“While the political rhetoric in our nation may at times be divisive I am encouraged by the united front our law enforcement community has displayed in response to this indescribable act of terror.”
That was Michigan attorney general Dana Nessel, after the arrest of Brian Higgins, the 14th person to be charged in the plot to kidnap Michigan Gov. Gretchen Whitmer. Michiganders might expect an act of terror to involve the murder of innocents, such as the 14 slain by Syed Farook and Tashfeen Malik five years ago in San Bernardino. In the Michigan case, nobody was killed and no shots fired, yet 14 men are now charged with providing material support for a terrorist act.
As Fox News Detroit reports, federal authorities were able to stop the plot “using secret informants who sometimes wore wires,” and “informants and undercover agents embedded themselves in the groups and secretly recorded what they saw and heard.” According to the FBI, one of the kidnappers said Whitmer “has no checks and balances at all. She has uncontrolled power right now. All good things must come to an end.”
The FBI-generated indictment in Michigan, “has all the earmarks of what has become that corrupt agency’s standard operating procedure,” explains Angelo Codevilla, who spent eight years supervising intelligence agencies for the Senate Intelligence Committee. The FBI’s method is to “place agents among the target group, stoke their sentiments, and lead them to say or do something that could be characterized as a crime, then arrest them and claim credit for foiling a plot.” In intelligence lingo, this is “provocation,” but “in legal terms, it’s entrapment.”
As Codevilla recalls, the FBI once performed dangerous work investigating the Communist Party, but the agency is now “a bunch of lazy bureaucrats eager to serve the ruling class’ prejudices” and limiting its vision to politically correct “profiles.” Under the previous president, the profile of a terrorist was not an Islamic jihadist such as Maj. Nidal Hassan, who murdered 13 and wounded more than 40 at Ford Hood in 2009.
For POTUS 44, the profile was those who distrust the federal government and value their liberty, faith and constitutional rights. In Michigan, as Codevilla notes, the FBI monitored social media for “excess concern for liberty.” Up to that time, no crime could be alleged, only what the FBI considered “a bad attitude.” The FBI now claims credit for uncovering a terrorist plot, and for Gov. Whitmer it was all about Trump.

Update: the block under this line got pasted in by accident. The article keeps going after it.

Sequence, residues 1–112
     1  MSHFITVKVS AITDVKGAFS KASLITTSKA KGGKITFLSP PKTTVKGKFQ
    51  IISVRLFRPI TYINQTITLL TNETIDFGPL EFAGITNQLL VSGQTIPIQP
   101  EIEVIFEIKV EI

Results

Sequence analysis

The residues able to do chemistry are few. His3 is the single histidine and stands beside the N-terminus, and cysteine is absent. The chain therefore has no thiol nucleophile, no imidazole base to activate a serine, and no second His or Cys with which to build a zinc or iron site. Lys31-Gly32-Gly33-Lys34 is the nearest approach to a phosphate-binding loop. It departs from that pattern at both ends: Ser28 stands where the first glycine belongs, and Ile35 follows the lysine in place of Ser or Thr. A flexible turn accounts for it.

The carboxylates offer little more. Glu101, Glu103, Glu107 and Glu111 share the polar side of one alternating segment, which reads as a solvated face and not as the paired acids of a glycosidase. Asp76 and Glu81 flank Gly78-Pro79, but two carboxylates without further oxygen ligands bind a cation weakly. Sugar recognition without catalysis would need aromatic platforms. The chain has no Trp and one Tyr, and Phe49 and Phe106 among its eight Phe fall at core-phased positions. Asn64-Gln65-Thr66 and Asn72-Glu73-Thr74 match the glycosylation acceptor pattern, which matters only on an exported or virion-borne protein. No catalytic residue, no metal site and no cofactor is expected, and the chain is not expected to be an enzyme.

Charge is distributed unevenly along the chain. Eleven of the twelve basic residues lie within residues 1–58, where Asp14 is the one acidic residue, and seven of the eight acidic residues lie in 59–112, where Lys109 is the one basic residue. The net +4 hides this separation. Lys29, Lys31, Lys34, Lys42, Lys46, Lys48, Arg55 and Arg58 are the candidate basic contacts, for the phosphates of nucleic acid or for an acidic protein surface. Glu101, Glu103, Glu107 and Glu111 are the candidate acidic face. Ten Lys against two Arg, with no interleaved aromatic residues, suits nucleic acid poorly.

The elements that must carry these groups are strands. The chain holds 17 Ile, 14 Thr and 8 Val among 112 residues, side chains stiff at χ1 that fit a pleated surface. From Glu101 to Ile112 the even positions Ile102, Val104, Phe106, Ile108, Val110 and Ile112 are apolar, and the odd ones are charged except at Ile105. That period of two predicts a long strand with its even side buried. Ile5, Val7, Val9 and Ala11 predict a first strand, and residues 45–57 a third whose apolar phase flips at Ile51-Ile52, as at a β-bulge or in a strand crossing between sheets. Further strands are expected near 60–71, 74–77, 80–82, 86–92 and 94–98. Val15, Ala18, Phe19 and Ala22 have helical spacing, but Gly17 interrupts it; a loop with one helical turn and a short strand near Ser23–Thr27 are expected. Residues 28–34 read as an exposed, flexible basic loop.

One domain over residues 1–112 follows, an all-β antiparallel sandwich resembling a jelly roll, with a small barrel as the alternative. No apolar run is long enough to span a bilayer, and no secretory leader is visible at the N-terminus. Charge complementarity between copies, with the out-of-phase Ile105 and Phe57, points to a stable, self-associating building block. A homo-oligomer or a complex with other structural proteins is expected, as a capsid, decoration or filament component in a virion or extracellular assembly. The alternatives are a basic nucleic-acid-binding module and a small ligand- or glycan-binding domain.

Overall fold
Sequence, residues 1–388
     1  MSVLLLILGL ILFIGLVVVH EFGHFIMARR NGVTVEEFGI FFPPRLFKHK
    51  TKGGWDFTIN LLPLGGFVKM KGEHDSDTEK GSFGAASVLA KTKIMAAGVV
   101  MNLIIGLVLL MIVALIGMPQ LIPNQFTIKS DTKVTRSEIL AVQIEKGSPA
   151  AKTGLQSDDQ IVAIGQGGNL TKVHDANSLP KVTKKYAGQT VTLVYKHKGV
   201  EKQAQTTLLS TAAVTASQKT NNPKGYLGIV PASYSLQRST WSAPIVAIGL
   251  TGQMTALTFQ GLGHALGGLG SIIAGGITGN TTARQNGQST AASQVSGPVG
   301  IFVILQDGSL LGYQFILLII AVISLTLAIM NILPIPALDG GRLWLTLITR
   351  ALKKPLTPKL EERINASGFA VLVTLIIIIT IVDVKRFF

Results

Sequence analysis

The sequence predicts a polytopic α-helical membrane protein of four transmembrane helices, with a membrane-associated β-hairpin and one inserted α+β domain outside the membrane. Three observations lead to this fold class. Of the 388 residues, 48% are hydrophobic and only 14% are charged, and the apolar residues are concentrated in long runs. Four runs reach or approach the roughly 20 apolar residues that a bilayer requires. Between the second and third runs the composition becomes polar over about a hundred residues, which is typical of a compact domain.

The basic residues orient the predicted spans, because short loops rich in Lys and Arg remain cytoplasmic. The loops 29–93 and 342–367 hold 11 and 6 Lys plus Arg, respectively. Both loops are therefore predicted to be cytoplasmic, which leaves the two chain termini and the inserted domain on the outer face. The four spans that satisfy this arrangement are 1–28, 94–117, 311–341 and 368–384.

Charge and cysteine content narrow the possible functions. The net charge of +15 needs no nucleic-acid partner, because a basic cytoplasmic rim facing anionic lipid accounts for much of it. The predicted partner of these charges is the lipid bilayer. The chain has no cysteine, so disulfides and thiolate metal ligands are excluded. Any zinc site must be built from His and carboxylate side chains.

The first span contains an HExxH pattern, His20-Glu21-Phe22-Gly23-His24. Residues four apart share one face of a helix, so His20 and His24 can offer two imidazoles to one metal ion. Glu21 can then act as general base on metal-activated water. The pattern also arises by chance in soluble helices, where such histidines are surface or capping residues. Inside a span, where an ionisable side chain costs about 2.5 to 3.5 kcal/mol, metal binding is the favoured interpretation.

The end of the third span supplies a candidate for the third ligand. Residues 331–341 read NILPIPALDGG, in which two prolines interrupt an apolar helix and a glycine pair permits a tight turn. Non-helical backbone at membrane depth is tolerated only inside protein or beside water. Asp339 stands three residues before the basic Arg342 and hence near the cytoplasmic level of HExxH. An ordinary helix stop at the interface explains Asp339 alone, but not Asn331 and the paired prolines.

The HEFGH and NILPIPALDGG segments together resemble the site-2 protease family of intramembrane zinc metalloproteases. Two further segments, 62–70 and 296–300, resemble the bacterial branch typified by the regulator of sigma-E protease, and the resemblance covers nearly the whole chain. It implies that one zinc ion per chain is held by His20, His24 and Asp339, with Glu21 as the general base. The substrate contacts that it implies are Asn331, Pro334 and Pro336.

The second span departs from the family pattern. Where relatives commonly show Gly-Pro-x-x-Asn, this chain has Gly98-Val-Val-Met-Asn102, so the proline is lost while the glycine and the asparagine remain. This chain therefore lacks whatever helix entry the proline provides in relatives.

“Hate groups heard the president’s words not as a rebuke, but as a rallying cry,” proclaimed Whitmer after the arrests. “When our leaders speak, their words matter. They carry weight. When our leaders meet, encourage or fraternize with domestic terrorists, they legitimize their actions and they are complicit. When they stoke and contribute to hate speech, they are complicit.” In similar style, Dana Nessel linked “the political rhetoric in our nation” to “this indescribable act of terror.”
As Michiganders might note, groups such as Antifa and Black Lives Matter have been terrorizing with violence, arson and murder. Witness the killing of Aaron Danielson in Portland, David Dorn in St. Louis, and the ambush shooting of two police officers in Los Angeles. If the FBI has informers and secret agents embedded in these groups, they have failed to prevent their acts of murder and launched few high-profile prosecutions in the style of Michigan.
According to Codevilla, the essence of the trial will be the role of the FBI infiltrator in moving the men from mere talk to allegedly criminal action. When was the infiltrator’s recording device turned on and off, and how do the intermissions and any additions suggest a truly autonomous plot?
“Their lawyers are sure to claim they were victims of entrapment,” Codevilla contends. “If the case comes to trial, I doubt a jury will convict them.” The jury will have to decide “whether the FBI was protecting society from sociopaths or whether it is itself sociopathic.” To all but the willfully blind, some realities are now clear.
The upper reaches of the FBI ran covert operations against candidate Trump and spearheaded a coup attempt against President Trump. To date, only FBI lawyer Kevin Clinesmith has been charged, for altering a document.
Current FBI boss Christopher Wray denied any “spying” on Trump and has been slow-walking documents in the case of Gen. Michael Flynn. Trump’s national security advisor was entrapped by the FBI in classic style and remains in legal jeopardy despite dismissal of his case by the DOJ, which was also involved in the coup attempt against President Trump. Meanwhile, as the Michigan case plays out, recall how the FBI handled “soldier of Allah” Nidal Hasan.
The FBI had Hasan’s communications to master terrorist Anwar al-Awlaki, but someone in the FBI’s Washington office dropped the surveillance. No FBI boss or secret infiltrator stopped the terrorist from committing mass murder. For the president formerly known as Barry Soetoro, Hasan’s act was only “workplace violence,” not even gun violence.
Hasan was sentenced to death in 2013 but at this writing remains alive, an eager supporter of Islamic terrorism. The eleventh anniversary of the Muslim’s indescribable act of terror comes two days after the November 3 election. As President Trump says, we’ll have to see what happens.